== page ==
The predictive value of cumulative toxicity for quality of life in patients with metastatic colorectal cancer during first-line palliative chemotherapy
Authors Schuurhuizen CSEW, Verheul HMW, Braamse AMJ, Buffart LM, Bloemendal HJ, Dekker J, Konings IRHM
Received 24 February 2018
Accepted for publication 14 May 2018
Published 29 August 2018 Volume 2018:10 Pages 3015—3021
Checked for plagiarism Yes
Review by Single-blind
Peer reviewers approved by Dr Amy Norman
Peer reviewer comments 2
Editor who approved publication: Professor Lu-Zhe Sun
Claudia SEW Schuurhuizen,1,2 Henk MW Verheul,1 Annemarie MJ Braamse,3 Laurien M Buffart,1–4 Haiko J Bloemendal,5 Joost Dekker,2,6,* Inge RHM Konings1,*
1Department of Medical Oncology, VU University Medical Center, Cancer Center Amsterdam, Amsterdam, The Netherlands; 2Department of Psychiatry, Amsterdam Public Health Research Institute, VU University Medical Center, Amsterdam, The Netherlands; 3Department of Medical Psychology, Academic Medical Center Amsterdam, Cancer Center Amsterdam, Amsterdam, The Netherlands; 4Department of Epidemiology and Biostatistics, VU University Medical Center, Cancer Center Amsterdam, Amsterdam, The Netherlands; 5Department of Medical Oncology, Meander Medical Center, Amersfoort, The Netherlands; 6Department of Rehabilitation Medicine, VU University Medical Center, Cancer Center Amsterdam, Amsterdam, The Netherlands
*These authors contributed equally to this work
Background: Studies evaluating new systemic agents tend to report severe toxicities only, while the cumulative effect of multiple lower grade adverse events (AEs) may have an additional negative impact on patient quality of life (QOL). In the current observational cohort study, we evaluated whether, in patients with metastatic colorectal cancer receiving first-line chemotherapy, cumulative toxicity comprising all grades of AEs is more predictive for QOL than cumulative toxicity due to only high-grade AEs.
Methods: One hundred and five patients starting treatment completed the European Organization for the Research and Treatment of Cancer Quality of Life Questionnaire (EORTC-QLQ-C30) questionnaire at baseline and 10 weeks. AEs, clinical outcomes, and demographics were retrieved from patient records. Cumulative toxicity scores were calculated in three ways: total number of high-grade AEs, total number of all-grade AEs, and total number of AEs multiplied by their grade (the severity score). Relations between cumulative toxicity scores and QOL were studied using multivariable linear regression analyses.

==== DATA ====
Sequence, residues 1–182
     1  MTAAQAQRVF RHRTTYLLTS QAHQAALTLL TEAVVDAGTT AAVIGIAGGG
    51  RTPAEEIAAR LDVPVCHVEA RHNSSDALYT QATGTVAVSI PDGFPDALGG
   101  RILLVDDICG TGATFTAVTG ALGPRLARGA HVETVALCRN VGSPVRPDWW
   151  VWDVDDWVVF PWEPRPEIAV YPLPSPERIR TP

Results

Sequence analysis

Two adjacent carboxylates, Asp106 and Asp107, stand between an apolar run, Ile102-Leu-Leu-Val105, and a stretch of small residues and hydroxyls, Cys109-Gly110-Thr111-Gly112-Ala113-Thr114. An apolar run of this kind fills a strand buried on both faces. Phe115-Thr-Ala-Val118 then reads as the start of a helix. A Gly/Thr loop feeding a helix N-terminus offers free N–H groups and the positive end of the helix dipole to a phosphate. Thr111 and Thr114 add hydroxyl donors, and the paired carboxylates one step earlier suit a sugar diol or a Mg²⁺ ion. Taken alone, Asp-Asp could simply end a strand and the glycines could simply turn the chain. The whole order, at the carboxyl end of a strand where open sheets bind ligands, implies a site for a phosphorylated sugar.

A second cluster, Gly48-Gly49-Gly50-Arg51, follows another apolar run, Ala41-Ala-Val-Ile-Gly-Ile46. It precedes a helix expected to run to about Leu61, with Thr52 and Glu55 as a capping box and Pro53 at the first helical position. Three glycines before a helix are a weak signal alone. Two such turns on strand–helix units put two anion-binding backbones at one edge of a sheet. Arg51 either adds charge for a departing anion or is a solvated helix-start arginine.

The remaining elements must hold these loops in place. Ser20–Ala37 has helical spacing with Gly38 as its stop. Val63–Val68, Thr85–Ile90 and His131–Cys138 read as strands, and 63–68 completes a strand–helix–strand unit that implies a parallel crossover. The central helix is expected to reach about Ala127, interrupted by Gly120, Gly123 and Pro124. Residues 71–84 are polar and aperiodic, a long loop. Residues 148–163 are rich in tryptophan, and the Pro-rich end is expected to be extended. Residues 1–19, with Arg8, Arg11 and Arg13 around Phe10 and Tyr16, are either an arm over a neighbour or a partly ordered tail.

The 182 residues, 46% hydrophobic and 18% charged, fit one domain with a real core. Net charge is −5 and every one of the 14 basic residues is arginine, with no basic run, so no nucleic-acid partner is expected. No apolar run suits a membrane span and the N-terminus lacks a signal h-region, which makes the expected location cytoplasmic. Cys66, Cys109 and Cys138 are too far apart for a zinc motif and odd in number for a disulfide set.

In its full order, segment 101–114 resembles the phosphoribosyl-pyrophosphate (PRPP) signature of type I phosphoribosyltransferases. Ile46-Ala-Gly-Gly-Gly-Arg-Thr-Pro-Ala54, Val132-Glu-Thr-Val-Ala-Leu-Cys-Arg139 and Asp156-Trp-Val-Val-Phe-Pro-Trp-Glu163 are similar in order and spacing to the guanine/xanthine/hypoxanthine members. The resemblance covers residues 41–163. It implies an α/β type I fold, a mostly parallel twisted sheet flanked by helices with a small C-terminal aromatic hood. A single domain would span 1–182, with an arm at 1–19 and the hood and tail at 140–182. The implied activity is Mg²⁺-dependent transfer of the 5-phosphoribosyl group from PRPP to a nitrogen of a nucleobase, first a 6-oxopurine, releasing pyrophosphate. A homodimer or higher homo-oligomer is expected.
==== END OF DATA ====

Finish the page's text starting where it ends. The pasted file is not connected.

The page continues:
Results: The mean age of patients was 65 years, 68% were male, and 84% received oxaliplatin-based chemotherapy. A higher total number of AEs of all grades (B=−2.4, 95% CI=–3.9; –0.9) and the severity score (B=–1.4, 95% CI=–2.3; –0.5) were predictive for clinically relevant changes in physical QOL, whereas the total high-grade AEs was not. None of the cumulative toxicity scores were predictive for global QOL.
Conclusion: Cumulative toxicity scores comprising all grades of AEs provide a better measure of treatment burden than a toxicity score comprising high-grade AEs only. Physical QOL seems to be more affected by AEs than global QOL. Our results emphasize that future clinical trials should present cumulative toxicity scores comprising all AE grades as well as physical QOL instead of global QOL.
Keywords: cumulative toxicity, treatment-related toxicity, adverse events, quality of life, metastatic colorectal cancer
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